The Graceful Boon

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We’ve all heard about scamming. If you thought it was a thing of the past, you’re most definitely wrong. I still see so many news articles online about how people out there get scammed. Scammers know what to do and how to do it. They have strategic ways of lying through their teeth. Their target market is those who are the most vulnerable, and when people think of those who are the most vulnerable, 95% of them think of the elderly. But that’s just not the case.

The elderly are not the only ones who are targeted for such things as scams and even Multi Level Marketing (MLM). Vulnerability comes in many shapes and forms, not just in age. It also comes through such factors as gender, unemployment, illness, and disability. I’ve heard stories where MLM clouts do such things as open their own Facebook accounts to add themselves to groups targeted for people who suffer from or have suffered through a cancer diagnosis to get them to join the MLM community so that they, the clout chasers, could get their cash flow going.

I was a victim to an MLM clout myself. It was back in college. I was a young (not that I’m old now) 20-something year old gal trying to find myself while throwing myself into textbooks non-stop every single day because I had to work 10 times harder than my peers just to get by and get the grades that I needed. I was never the typeof person who could do schooling and work, even on a part-time basis, all at once. But I did attempt to work at least every summer to earn money here and there at least so I could make sure I had enough to pay off my student loans. I’ve worked as telemarketer, a cashier, a blogger, and yes, you guessed it, an MLM seller.

I was approached by a classmate I’d gotten close with through working on multiple group projects with. We meshed well together, or at least I thought so. She sent me a messaged on Facebook asking if I’d be interested in getting a part-time job selling knives during the summer months. I was desperate enough to accept the offer. Now I realize it was an act of desperation, but at the time, I thought it was just a great opportunity that would bring me ‘lots and lots of money.’ My first day on the job went smoothly. It was an introductory meeting, a presentation, more like. The clouts made us, the newbies, feel welcomed with open arms. We were ready to work. We were ready to sell. We were ready to make money.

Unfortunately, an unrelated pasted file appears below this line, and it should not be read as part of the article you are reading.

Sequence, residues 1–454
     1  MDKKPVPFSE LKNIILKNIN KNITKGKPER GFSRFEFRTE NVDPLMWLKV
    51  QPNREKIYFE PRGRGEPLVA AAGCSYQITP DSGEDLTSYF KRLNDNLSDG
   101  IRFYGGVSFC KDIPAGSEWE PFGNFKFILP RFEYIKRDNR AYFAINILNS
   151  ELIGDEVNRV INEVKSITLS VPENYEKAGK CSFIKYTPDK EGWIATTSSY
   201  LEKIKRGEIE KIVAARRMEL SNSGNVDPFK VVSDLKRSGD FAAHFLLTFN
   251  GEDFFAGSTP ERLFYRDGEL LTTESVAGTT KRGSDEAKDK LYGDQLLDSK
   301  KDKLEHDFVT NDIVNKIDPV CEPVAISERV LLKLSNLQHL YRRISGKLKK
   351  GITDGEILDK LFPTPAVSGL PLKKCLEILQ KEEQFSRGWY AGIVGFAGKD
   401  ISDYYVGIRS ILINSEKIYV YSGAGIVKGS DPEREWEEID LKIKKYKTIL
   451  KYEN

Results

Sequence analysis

We were told, practically ordered, to sell to the people we knew. I did just that, or at least I attempted to. I failed miserably. Out of the 10 people I presented the products to, only one made a purchase. It wasn’t because I was terrible at selling. I’d done it before, and I was great; a master at it if you’d ask me. It was rather that I was the fact that I attempted to sell the products to people who obviously couldn’t afford them. When I went to the training session at the company, which was acquired after a certain amount of failed sale pitches, they had me do a mock presentation. Once I finished mine, all I was told was that maybe I just didn’t know the right people.


That was what I thought to myself when I heard that feedback. Without any sort of hesitation, I immediately left the company for good. A few years later, there was a job fair at my college where I saw that very sameMLM Pyramid company’s booth. An employee saw me walking around and came up to me. As he attempted to get my attention, he excitedly said, ‘Hey, do you want to learn more about us? We’re the best company you’ll ever get the chance to be a part of.’ In response, I rolled my eyes at him and said, ‘I already worked here, and you’re the worst. Don’t come up to me again.’